Food waste collection

My council has now introduced food waste collection. We have a brown wheelie bin for garden waste (lawn clippings and plants, etc) and now we can put food waste in that too. Can put in meat, fish, bones, tea & coffee, fruit and veg (though will still use compost bin for these), cheese, eggs, bread, pasta, rice…. 

No more need for Bokashi – it didn’t really work all that well – the second batch of Bokashi bran I bought went off, even though was kept airtight….. Oh dear, forgot to empty the 2nd bin…. sealed… not looking forward to emptying it. Still, the bins themselves will be useful – I can make comfrey (or nettle) liquid feed.

Label making

Picture tutorial for making labels from drinks cans.  Please take care when making these labels – the metal edges can be very sharp and can cut. The folded edges are less sharp but also give the label a bit more “strength”

Light therapy & recycling

I was reading yesterday’s Weekend section in the Daily Telegraph and came across a brief interview with Gordon Ramsey. One question asked was, “What, in human history, do you wish had never been invented?” His reply was, “Okra. That strange slimy enzyme it releases when you slice is something out of a horror movie….” I like horror movies!

Elsewhere in Saturday’s Telegraph was an article in the magazine about what happens to a mobile phone when it goes for recycling, and also briefly about the manufacture. Components that make up the mobile phone are made up from metals and other things, many of which in their raw state are toxic… The phone casing protects us from those nasty things, though the casing is mainly plastics but contains small amounts of phthalates (high levels perhaps damage hormonal systems). Other metals used in phones are copper, magnesium, tin, gold, arsenic, chromium, beryllium, cobalt, lithium, silver, tantalum.. Coltan, which is a mineral containing tantalum and niobium (also known as columbium), is important in the manufacture of mobile phones. The article says that a few years ago, there were reports of coltan being mined in inhumane conditions (area was in a civil war) & child labour?. With the boom in electronics requiring tantalum (such as gaming consoles and even more mobile phones…), the price of coltan rose and the rebel leaders used it to raise cash for arms. As for recycling, components may be sent to China and perhaps not in “safe” conditions… Some of the phones collected for recycling end up being dumped (“it’s cheaper”), though most get reused. The author found an agent sending phones to Africa and was able to follow the phone through to the new owner.  The article in the magazine is an edited extract from a book, Confessions of an Eco Sinner. Might add that book to my reading list.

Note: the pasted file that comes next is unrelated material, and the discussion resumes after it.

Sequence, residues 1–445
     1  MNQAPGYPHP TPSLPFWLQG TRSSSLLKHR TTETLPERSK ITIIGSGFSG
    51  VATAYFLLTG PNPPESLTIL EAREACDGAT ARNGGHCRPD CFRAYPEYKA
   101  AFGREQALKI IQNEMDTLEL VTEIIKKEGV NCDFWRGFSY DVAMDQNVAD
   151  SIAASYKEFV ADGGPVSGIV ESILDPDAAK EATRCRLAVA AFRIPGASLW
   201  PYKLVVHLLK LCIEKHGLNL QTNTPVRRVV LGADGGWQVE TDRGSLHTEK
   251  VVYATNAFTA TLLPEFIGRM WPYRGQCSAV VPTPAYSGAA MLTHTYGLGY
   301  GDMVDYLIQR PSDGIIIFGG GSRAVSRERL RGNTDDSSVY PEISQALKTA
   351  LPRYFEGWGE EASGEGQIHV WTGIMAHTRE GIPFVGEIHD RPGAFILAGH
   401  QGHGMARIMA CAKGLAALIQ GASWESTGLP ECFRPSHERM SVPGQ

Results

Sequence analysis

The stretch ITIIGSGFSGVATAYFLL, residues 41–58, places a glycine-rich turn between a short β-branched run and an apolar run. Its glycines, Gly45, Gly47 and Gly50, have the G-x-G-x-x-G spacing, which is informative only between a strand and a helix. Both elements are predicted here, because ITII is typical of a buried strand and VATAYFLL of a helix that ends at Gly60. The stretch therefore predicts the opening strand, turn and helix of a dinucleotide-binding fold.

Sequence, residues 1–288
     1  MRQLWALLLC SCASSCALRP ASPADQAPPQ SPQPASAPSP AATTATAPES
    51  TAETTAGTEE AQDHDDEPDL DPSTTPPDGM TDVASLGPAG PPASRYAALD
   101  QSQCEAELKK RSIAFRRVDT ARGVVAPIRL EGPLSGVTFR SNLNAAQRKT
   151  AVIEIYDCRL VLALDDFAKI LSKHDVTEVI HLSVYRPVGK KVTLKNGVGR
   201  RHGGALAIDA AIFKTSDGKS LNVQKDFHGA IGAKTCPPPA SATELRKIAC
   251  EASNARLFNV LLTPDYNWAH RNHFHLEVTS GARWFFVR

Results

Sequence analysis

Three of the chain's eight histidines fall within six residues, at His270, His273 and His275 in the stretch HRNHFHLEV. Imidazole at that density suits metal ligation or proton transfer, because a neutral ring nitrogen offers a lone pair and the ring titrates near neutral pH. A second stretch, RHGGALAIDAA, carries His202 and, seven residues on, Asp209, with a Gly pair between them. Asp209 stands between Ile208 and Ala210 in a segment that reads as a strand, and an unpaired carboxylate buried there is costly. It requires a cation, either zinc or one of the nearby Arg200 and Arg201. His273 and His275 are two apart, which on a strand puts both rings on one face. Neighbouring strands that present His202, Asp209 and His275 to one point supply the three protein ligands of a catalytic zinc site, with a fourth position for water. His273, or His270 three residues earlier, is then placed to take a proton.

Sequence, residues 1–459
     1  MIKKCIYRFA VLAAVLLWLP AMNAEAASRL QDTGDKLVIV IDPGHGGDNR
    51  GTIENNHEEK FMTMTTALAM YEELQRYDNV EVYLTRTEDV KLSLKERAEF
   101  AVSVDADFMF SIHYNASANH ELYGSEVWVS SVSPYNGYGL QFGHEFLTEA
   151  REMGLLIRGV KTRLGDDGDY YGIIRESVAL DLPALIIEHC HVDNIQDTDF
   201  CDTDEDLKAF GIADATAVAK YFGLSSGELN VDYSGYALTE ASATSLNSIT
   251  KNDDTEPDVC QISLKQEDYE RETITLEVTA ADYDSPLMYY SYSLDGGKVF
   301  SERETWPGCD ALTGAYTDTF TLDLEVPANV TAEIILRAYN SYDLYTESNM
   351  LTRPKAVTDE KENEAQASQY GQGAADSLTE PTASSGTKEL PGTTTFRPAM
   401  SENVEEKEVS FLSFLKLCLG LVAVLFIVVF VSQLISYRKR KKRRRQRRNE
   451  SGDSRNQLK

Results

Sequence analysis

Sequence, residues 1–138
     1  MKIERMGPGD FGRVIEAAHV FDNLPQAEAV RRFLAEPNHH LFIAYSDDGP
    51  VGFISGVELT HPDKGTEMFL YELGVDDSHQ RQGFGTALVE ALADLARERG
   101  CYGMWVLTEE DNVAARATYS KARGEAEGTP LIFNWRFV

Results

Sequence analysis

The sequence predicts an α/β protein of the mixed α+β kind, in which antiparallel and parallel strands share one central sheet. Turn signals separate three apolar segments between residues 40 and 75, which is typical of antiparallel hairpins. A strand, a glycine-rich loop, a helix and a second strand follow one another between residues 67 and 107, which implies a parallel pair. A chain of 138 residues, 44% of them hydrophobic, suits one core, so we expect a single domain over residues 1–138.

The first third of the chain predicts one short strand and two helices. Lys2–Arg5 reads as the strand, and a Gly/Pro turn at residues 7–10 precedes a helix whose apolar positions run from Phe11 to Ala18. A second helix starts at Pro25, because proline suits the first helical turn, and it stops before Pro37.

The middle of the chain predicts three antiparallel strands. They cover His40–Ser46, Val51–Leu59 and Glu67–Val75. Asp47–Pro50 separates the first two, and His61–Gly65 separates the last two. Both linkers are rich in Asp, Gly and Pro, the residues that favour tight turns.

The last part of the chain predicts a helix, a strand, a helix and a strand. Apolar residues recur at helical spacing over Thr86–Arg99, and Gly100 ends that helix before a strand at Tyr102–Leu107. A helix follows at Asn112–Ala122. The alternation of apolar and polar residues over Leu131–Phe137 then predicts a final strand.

Again on the recycling theme, I came across Stonehead’s blog via a messageboard. He did a trip to the recycling point only to find out that a lot of the things he had brought for recycling were going to go to landfill, including AA and AAA batteries. Makes you wonder about this recycling malarky – paper being shipped to China for recycling… Re-use is certainly a better option. Perhaps schools and clubs want yogurt pots, cardboard and the like for craft projects.. I need to make more labels from drinks cans. Newspaper – well, perhaps I’ll even get round to making those seed mats that I mentioned a few years ago in A4A!

It arrived

Yay, the Bokashi system thing arrived today. The Bokashi bran stinks (though not as bad as neat comfrey/nettle glop). First, have to fit the taps, and then the drain tray. Then have dinner later tonight…  I am so excited!

The leaflet says, “You can transform ALL food waste (including bread, meat, fish and cheese) into a super healthy nutrient rich, juicy compost with a small and compact system in your kitchen – no smells, no flies!” Smells- well, I’ve already mentioned the bran. Guess I’ll have to find a container for it. “Bokashi is a Japanese term meaning ‘Fermented Organic Matter’. It is a bran-based material that has been fermented with EM (friendly bacteria) and dried for storage. Bokashi is a pleasant smelling product which, when added to your bucket, aids the fermentation of organic matter.” The initial shock of the smell has dissipated; not sure if I’d call it pleasant now….

There will be liquid that can be drained off – a liquid feed that can be diluted and used around the garden (not to be used as a foliar feed). Also, they suggest that the concentrated stuff be used in drains and toilets to prevent algae build-up and control odours.

I’ll let you know how I get on with it.

EM Bokashi thing

Ordered the EM Bokashi kit thing for dealing with cooked food waste. It is due to arrive within 4 weeks.

I am expecting another delivery shortly – that is, HSL seeds. On one of the messageboards, some have said they’ve received theirs already. Hope mine come tomorrow.

Patience is a virtue!

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